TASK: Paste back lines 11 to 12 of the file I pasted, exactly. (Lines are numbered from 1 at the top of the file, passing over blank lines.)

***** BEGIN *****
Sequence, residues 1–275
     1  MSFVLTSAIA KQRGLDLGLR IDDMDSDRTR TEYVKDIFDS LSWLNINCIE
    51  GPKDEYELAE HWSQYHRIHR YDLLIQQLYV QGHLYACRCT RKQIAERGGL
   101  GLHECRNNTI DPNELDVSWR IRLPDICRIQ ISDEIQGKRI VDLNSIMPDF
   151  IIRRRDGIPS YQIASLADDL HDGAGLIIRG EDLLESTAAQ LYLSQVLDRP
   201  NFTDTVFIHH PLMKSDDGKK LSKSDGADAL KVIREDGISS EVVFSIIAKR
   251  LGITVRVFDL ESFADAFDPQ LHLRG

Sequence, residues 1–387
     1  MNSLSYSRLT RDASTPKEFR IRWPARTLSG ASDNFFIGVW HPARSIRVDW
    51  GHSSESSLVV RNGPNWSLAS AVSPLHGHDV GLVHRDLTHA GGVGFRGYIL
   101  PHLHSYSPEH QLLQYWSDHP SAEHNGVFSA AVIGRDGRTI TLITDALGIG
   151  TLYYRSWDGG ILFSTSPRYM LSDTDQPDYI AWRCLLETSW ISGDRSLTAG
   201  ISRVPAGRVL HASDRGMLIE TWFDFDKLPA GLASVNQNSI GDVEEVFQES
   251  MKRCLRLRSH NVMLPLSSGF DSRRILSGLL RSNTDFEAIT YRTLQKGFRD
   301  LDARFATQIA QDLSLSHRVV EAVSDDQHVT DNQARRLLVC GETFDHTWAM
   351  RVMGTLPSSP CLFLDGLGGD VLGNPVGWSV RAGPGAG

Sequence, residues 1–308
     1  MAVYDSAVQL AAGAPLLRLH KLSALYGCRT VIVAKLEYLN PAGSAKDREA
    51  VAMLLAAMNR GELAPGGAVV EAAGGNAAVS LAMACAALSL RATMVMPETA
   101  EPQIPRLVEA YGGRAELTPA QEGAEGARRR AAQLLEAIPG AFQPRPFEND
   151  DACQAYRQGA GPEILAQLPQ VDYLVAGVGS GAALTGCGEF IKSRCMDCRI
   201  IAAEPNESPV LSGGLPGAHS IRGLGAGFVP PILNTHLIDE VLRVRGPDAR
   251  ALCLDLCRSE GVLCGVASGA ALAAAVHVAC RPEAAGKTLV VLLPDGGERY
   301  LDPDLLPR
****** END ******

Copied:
   101  PHLHSYSPEH QLLQYWSDHP SAEHNGVFSA AVIGRDGRTI TLITDALGIG
   151  TLYYRSWDGG ILFSTSPRYM LSDTDQPDYI AWRCLLETSW ISGDRSLTAG